"I have seen personally what is the only beneficial and appropriate course of action for people: to eat and drink, and find enjoyment in all their hard work on earth during the few days of their life which God has given them, for this is their reward." (Ecclesiastes 5:18, NET)

June 30, 2015

Hall of Friends

Something's always wrong to some degree, right? And sometimes, all you need to make things better is a little time with friends.

After being uplifted recently by a couple of my long-time BFs, Jennifer and Betsy, I began reflecting on all the lovely friends I've been blessed with throughout my life. This inspired my Hall of Friends. So the first ones in are Betsy and Jennifer.

Betsy, me, and Jennifer
at Drew's Pastry Place last week
See how they're tucked in behind me with their bodies at an angle? Maybe they were just trying to fit in the shot. Or maybe they were positioning themselves so they wouldn't look as wide as me. Never mind that they're not as wide. The point is that best friends can do stuff like that and you're totally cool with it. (But either way, girls, one of you have to be in the middle next time, okay?)

The three of us met when we were in the same group at work, and even though that connection ended years ago, our friendship continues and our bond keeps getting tighter. We meet every few months for lunch and make an afternoon of it for our year-end celebration in December. These ladies just fit the bill of what friends should be.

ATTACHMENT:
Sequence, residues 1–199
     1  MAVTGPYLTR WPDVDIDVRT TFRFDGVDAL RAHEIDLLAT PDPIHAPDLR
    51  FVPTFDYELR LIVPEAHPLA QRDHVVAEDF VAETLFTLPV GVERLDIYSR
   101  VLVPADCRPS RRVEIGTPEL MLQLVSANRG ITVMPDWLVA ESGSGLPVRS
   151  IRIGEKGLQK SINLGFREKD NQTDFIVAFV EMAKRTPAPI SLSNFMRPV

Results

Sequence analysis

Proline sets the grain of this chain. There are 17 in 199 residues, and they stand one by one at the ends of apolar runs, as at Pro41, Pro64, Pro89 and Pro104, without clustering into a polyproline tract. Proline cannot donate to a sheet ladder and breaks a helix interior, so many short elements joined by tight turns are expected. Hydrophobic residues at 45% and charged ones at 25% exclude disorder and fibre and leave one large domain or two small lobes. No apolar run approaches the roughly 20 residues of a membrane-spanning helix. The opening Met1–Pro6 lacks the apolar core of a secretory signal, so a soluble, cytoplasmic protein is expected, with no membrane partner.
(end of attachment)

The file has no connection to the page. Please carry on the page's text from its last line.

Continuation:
Now for the other inductees to my Hall of Friends.

Keeping this to a blog post instead of a book required that I establish some hard-to-meet criteria. So lest any of my many wonderful friends be disappointed not to see their names here, please note that an inductee must:
  • Be a female without familial connection
  • Think my flaws are endearing
  • Appreciate my sarcasm (realizing it's not a flaw)
  • Share her secrets and keep mine
  • Laugh every time I say something funny
  • Pretend not to hear when my attempts at humor fail
  • Instantly forgive me for the asinine things I say
  • Make me feel better by just being around her
  • Have considered me a best friend for at least 7 years
  • Be totally honest while having my best interests at heart

Examples of the last bullet point include: telling me when I've got food on my face, or better yet, nonchalantly wiping it off (thanks, Betsy); not allowing me to refuse a breath mint if I need one; and telling me right away if a new haircut is unflattering instead of waiting til it grows out.

I could list many more criteria and examples, but don't want to scare off potential BFs, because you're never too old to have new ones.

And before revealing the other honorees, my apologies to best friends from elementary school. For the sake of time and space, I'm starting from junior high, which was 7th–9th grade back in my day.

Something clicked between me and Shelly when we met the first day of school (in spite of her dorky outfit). We were instantly best friends and spent as much time together as possible, even walking several miles to each other's homes, meeting midway along the railroad tracks. It might have been only 2 or 3 miles, but it felt really long, especially during the sweltering summer breaks.

From grades 8–11, Shelly and I had every class together, sat together at lunch, never went to the restroom alone, hung out before and after school, had sleepovers on weekends, went to parties and rock concerts together, and double-dated. Our first job was at the Metropolitan movie theater downtown, and our second job was at the Burger King by Shelly's house.